Henson v. Corizon Health LLC

CourtUnited States District Courts. 9th Circuit. United States District Courts. 9th Circuit. District of Arizona
PartiesChristopher James Henson, Plaintiff, v. Corizon Health LLC, et al., Defendants.
Docket NumberCV 19-04396-PHX-MTL (DMF)
Decision Date16 September 2021
Michael T. Liburdi, United Stales District Judge

Plaintiff Christopher James Henson, who is currently confined in Arizona State Prison Complex (ASPC)-Florence, East Unit brought this civil rights action pursuant to 42 U.S.C. § 1983. (Doc. 116.) Defendants move for summary judgment (Docs 152, 161, 164). Although Plaintiff was informed of his right and obligation to respond to Defendants' Motions for Summary Judgment, [1] and was granted several deadline extensions (Docs. 173, 178, 203, 210, 213), Plaintiff failed to respond, and the time to do so has expired.[2]. . . . . .

I. Background

On screening of Plaintiff's Second Amended Complaint (Doc. 116) pursuant to 28 U.S.C. § 1915A(a), the Court determined that Plaintiff stated constitutional claims against Defendants Arizona Department of Corrections (ADC) Director David Shinn, Corizon Health, Centurion of Arizona, Nurse Practitioner Dorothy Igwe, Contracting Monitoring Bureau Director David Robertson, Supervisor Vanessa Headstream, Dr. Rodney Stewart, Medical Director Thomas Lutz, Facility Health Administrators Adam Perkins and Trina Randall, Nursing Supervisors Elizabeth Pontious and Phyllis Raney, and ADC Office of Publication Review employees Tray Williams and Diane Miller and ordered them to respond to the respective claims against them. (Docs. 70, 117.) The Court subsequently dismissed Defendants Williams and Miller pursuant to Federal Rule of Civil Procedure 12(c). (Doc. 162.) The Court also dismissed Defendant Lutz for failure to timely serve. (Doc. 179.)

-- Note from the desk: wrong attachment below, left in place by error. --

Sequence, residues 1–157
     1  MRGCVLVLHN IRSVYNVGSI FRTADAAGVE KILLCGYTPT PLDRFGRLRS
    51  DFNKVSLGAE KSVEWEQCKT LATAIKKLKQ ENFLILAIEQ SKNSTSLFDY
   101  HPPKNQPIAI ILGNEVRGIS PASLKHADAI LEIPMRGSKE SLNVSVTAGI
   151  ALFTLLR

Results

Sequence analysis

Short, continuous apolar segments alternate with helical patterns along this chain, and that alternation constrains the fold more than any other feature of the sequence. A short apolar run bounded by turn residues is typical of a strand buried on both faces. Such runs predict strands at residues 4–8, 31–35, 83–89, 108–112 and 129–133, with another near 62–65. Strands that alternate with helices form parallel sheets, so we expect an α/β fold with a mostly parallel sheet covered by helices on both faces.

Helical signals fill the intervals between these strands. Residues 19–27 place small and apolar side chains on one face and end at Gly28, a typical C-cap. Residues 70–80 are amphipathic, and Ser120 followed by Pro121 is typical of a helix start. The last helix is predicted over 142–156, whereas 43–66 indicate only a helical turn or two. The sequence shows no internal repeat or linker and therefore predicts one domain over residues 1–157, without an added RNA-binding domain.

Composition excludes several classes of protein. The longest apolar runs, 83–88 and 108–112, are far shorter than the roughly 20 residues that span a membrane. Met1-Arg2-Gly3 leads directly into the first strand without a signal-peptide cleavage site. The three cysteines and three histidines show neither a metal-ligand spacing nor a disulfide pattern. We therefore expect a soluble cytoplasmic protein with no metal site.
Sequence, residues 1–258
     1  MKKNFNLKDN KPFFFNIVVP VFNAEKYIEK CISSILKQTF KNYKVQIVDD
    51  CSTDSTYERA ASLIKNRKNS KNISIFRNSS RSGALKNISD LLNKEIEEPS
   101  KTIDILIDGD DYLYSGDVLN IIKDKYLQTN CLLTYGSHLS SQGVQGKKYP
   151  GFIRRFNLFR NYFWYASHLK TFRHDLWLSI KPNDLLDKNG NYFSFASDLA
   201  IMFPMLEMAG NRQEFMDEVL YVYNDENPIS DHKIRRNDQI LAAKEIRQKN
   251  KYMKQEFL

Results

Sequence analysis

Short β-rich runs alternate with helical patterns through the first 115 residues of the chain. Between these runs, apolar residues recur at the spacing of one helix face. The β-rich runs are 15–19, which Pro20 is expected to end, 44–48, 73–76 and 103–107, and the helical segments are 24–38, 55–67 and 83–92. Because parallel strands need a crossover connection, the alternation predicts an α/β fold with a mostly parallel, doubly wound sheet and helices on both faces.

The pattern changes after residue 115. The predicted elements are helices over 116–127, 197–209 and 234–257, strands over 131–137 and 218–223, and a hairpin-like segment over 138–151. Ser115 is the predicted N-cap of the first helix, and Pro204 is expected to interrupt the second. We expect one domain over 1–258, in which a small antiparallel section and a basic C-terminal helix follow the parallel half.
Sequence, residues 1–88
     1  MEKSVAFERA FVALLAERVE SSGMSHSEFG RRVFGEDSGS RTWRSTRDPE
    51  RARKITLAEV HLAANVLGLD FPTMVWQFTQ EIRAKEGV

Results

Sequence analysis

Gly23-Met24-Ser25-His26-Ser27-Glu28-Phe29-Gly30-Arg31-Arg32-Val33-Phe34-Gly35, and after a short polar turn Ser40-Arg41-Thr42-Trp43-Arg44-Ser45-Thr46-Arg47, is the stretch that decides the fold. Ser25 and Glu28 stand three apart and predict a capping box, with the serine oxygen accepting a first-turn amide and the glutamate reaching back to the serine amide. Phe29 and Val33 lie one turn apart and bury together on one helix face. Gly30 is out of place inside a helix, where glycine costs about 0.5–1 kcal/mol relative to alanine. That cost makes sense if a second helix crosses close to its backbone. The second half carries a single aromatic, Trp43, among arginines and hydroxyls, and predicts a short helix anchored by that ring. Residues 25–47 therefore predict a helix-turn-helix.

In Count 1 of the Second Amended Complaint, Plaintiff alleges that he was diagnosed with Hepatitis B and C while incarcerated in the ADC and that “ADC, Corizon, and Centurion have a policy, practice, and custom of monitoring prisoners with HCV [Hepatitis C] instead of providing treatment or cures.” Plaintiff alleges that they have failed to monitor or treat his Hepatitis B and C “due to financial incentive.” (Doc. 116 at 6.)

Plaintiff claims that while confined in ASPC-Eyman in late 2017, he began noticing that he was easily fatigued and had a loss of appetite, aching joints, pain in his lower back around his kidneys, and pain in stomach and lower abdomen. Plaintiff submitted a health needs request (HNR) form and was seen by a nurse practitioner who ordered blood laboratory tests. The December 2017 blood test showed Plaintiff had “elevated AST & ALT scores.” Plaintiff claims elevated AST & ALT levels are present in individuals who have chronic Hepatitis C. In February, March, and September 2018, Plaintiff's blood tests also showed abnormally elevated AST & ALT levels. Plaintiff claims the nurse practitioner ordered a “hepatitis panel in May 2018 that confirmed that Plaintiff had been recently infected with Hepatitis B. He contends his Hepatitis B is dormant but has the potential to “re-activate or flare-up.” Plaintiff alleges that having a Hepatitis B/C coinfection can potentially put him at risk for liver disease progression, decompensated liver disease, and “HCC.”[3] He claims there are medications available that can cure Hepatitis B and C. (Id. at 7.)